Links on Android Authority may earn us a commission. Learn more.
LG's 'turnaround' plan results in $858 million in losses for mobile division
In late 2018, LG brought in a so-called “turnaround expert” to lead its struggling mobile division. Unfortunately, this strategy doesn’t appear to be working too well, as LG mobile just reported massive losses on its 2019 revenue report.
According to the report, LG mobile lost 1.01 trillion Korean won (~$858.34 million) in 2019 based on 5.97 trillion Korean won (~$5.07 billion) in revenue. Ouch.
LG is quick to blame a few things for the $858 million loss. It says “sluggish sales of mass-tier smartphones in overseas markets” are partially to blame, while also saying “increased marketing expenses to support flagship devices” exacerbated the situation further.
What is the LG mobile division’s plan to stop the bleeding? The only commitment it makes in the report is “the introduction of new mid to premium 5G smartphones and continued cost-efficiency efforts.” What does that mean? To us, it says, “business as usual, but outsourcing more production.”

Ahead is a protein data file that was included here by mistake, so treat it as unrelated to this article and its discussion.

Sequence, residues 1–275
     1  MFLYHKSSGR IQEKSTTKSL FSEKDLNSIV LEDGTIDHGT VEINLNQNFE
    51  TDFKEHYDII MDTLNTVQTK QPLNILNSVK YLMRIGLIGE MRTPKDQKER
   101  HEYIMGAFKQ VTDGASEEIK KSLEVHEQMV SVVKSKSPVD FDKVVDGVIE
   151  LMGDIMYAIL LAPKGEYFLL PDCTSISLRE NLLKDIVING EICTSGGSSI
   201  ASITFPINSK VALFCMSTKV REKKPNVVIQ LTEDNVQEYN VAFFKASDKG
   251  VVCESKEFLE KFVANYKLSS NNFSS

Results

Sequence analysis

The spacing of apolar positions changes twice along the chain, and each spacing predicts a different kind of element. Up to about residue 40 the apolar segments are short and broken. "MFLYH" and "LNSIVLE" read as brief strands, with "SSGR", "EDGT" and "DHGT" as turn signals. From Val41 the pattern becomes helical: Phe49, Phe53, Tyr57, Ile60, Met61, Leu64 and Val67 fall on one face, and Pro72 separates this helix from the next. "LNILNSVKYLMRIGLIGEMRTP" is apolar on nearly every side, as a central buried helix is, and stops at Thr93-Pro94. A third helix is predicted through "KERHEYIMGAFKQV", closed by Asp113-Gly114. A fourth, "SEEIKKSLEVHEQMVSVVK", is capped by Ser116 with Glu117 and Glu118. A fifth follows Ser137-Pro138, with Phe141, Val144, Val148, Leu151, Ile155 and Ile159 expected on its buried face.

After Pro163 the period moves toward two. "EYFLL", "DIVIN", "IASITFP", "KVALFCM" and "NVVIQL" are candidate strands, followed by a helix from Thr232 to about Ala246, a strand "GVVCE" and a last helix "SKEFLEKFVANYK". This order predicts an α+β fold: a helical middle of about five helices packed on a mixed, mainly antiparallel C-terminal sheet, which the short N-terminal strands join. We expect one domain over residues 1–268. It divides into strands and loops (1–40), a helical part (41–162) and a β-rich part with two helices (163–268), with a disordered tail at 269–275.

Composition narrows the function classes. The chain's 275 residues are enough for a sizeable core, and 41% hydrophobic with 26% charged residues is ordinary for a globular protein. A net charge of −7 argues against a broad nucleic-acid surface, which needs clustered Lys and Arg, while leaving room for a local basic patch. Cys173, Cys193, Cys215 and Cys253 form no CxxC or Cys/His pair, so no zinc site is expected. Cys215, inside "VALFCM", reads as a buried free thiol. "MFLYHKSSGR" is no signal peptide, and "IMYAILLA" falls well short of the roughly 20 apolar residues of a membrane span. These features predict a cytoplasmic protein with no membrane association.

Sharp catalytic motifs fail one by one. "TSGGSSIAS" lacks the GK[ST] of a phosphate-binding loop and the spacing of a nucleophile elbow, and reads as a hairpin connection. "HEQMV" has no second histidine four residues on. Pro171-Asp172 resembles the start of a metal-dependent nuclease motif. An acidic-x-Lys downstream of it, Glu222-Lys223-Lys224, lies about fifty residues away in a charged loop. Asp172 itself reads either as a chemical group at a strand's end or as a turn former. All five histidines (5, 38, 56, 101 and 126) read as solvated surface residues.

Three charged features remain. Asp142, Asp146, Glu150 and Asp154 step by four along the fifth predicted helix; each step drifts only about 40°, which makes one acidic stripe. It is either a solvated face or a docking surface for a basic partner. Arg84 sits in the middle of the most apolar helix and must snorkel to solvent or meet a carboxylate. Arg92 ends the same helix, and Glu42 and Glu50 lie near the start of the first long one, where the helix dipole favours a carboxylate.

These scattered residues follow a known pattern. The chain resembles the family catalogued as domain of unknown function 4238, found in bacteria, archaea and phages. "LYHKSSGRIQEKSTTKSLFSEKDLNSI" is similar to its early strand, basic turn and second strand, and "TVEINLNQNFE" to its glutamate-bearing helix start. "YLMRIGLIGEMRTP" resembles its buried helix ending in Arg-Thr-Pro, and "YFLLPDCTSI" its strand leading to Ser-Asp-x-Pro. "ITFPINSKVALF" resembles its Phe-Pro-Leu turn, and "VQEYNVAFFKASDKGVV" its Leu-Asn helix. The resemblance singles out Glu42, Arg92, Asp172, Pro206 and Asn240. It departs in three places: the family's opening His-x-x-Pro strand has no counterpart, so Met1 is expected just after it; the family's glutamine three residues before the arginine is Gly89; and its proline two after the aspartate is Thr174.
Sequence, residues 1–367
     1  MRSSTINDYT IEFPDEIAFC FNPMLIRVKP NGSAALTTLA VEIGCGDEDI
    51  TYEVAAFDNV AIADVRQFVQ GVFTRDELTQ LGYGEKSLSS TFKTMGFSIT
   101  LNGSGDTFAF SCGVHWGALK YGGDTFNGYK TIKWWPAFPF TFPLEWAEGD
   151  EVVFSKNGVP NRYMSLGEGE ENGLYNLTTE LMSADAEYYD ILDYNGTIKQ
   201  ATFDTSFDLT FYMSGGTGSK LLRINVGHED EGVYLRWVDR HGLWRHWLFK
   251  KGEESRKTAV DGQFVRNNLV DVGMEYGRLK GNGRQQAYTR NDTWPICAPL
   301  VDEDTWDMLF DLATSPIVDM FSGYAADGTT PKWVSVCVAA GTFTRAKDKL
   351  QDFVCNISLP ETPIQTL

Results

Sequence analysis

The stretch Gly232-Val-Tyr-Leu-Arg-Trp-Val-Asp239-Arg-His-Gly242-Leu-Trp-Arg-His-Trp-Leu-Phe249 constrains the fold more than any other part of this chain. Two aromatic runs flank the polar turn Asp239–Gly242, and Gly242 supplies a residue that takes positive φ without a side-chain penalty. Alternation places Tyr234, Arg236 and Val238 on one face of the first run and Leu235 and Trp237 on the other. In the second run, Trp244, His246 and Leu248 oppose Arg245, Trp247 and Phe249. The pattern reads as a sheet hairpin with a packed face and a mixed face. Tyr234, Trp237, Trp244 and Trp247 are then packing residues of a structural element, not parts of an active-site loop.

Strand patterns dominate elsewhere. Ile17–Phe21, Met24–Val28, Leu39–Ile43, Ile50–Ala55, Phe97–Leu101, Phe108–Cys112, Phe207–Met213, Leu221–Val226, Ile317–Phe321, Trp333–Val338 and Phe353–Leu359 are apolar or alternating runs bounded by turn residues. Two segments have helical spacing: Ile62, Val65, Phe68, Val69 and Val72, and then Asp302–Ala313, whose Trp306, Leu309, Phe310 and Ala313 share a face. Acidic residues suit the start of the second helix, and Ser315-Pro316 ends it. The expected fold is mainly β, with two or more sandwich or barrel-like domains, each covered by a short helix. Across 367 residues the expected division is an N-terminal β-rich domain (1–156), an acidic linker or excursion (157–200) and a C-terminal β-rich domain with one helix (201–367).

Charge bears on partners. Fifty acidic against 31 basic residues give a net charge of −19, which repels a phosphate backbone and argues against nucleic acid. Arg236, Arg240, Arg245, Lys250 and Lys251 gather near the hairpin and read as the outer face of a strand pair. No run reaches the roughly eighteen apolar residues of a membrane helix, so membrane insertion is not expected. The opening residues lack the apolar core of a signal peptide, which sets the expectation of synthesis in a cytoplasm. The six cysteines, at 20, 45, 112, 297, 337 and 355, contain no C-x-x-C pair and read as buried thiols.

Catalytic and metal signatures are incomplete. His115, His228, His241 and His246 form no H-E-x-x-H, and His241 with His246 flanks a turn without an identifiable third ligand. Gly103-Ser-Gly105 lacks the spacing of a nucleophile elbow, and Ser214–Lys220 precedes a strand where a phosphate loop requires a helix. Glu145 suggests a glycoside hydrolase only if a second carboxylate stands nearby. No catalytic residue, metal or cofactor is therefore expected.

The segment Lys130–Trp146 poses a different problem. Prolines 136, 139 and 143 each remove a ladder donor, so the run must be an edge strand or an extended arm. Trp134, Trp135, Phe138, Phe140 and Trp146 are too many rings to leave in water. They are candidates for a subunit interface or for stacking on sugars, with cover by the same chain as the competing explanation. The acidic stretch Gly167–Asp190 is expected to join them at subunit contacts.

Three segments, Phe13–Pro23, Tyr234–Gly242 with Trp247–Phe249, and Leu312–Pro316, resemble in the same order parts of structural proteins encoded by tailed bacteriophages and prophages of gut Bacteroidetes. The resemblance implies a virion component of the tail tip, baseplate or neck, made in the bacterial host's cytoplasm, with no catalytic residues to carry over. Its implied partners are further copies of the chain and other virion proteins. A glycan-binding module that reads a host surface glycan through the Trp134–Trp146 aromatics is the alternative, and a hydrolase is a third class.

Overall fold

Related: LG in 2020: Time for a turnaround
Nearly every major smartphone manufacturer is pushing out 5G-powered devices this year, as 2020 is expected to be the first year of wide adoption for the new technology. So launching new 5G phones isn’t really a strategy as much as its a necessity. Additionally, LG has always released “mid to premium” smartphones, so that’s not really a change in strategy at all.
As for the “continued cost-efficiency efforts,” this is likely alluding to the LG mobile division’s recent moves of production outside of South Korea. In the middle of last year, the company confirmed it was shuttering smartphone production at its South Korean plant and moving it to Vietnam, presumably to cut overhead costs.
Thankfully for LG, its 2019 earnings report isn’t all bad news. It actually had its highest annual revenue in company history during 2019, based mostly on the success of its home appliances. This will likely help LG mobile stay afloat — at least for now.